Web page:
In my BattleStar Gallactica review, I posted the following:

Fantasy is about good and evil.
Fantasy is about self-determination and fate.
Fantasy is about standing up against insurmountable odds.
Fantasy is liberalizing.

In comparison, Science Fiction has remarkably different pillars.

SF is about The Big Idea.
SF is reactionary
SF is voyeuristic.
SF is about plot.

A central reason for why Dragonsdawn is a crossover is that it does touch on ideas of good and evil.  Not spelled out as such, but as general rules for living.  There are several human "villains" one of whom is a belligerent scientist driven mad with grief over his lost daughter.  All the villains "get what's coming to them," every single one of them.  They all are rude, at some points unkind, sarcastic, and greedy.  Some are murderers, like the beautiful narcisist, pyschotic Avril Bittra.  And so, like any good fantasy, they get theirs, because the central moral tenet of fantasy isn't about the fight between good and evil, its about choosing to be kind, choosing to be just, and choosing the community over the self.  One of the stories main characters, makes this exact sacrifice, gathering data for the colony while bleeding out from stab wounds.  And yet--there is undoubtedly, a Big Idea.  Namely, what if Dragons were man made?  So McCaffrey takes the Dragon cliche and reworks it to suit her needs.  This is the reason for the cliches, they're flexible models that contain a variety of preconditioned knowledge.

The book continues in the fantasy vein when discussing Self-Determinacy and Fate.  If you've read the Pern books in order of publication, than you know exactly what the fate of the colony is, as the first books and stories take place hundreds of years after the colonists land.  In this aspect, much of Dragonsdawn is preordained.  Yet, the earnest struggle of the characters against the external menace of Thread indicates that its their own resolve that makes this fate possible.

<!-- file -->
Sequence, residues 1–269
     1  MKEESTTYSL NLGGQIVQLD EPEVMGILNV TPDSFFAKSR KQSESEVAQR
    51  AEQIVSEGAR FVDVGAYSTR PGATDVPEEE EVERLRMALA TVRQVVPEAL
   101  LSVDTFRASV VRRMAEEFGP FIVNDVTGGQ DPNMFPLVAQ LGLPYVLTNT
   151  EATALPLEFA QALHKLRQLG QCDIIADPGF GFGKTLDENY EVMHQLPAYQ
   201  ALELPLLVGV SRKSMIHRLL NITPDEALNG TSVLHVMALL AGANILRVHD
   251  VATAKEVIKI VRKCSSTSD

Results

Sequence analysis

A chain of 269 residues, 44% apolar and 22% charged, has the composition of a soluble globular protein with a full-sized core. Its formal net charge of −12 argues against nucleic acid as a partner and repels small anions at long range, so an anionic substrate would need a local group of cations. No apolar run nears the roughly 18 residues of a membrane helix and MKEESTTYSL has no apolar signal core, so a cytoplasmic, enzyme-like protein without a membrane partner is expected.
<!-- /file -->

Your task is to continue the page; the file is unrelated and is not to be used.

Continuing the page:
Liberalizing/Reactionary.  The science fiction nature of Dragonsdawn struggles with and eventually loses to McCaffrey's innate liberal tendencies.  Pern is an idyllic paradise, and the colonist's government is generally speaking democratic.  There is a chapter where the governors take martial law to fight the threat of Thread, but they do so by asking the colonists to elect them to this position in a completely fair election.  More, there's no sense in the world of Pern, that "this is what will happen if--" or, "these are the consequences of these actions."  The colonists are trapped, not enough fuel to fly back.  They've made Pern their home, and when it turns out the planet has some unpleasant surprises, they fight back.  And its genetics that allow them to do so.  On the other side of the coin, the Evil Botanist, creates some nasty surprises in his own labs for future generations of Pernese to discover.

Dragonsdawn is a great book, and a quick read.  It does not however have much interest characterwise.  Its an ensemble cast, and many of those members are indistinguishable from others.  Though I have not reread the series in many years, it is my memory that the other volumes more than make up for this lack.  This is after all, a prequel meant to explain the dragon origins of Pern, not a personal struggle about humans growing up and fighting the odds.  I thoroughly recommend it.  And--I will be presently adding a Great Moment in Fantasy to my library from this same book.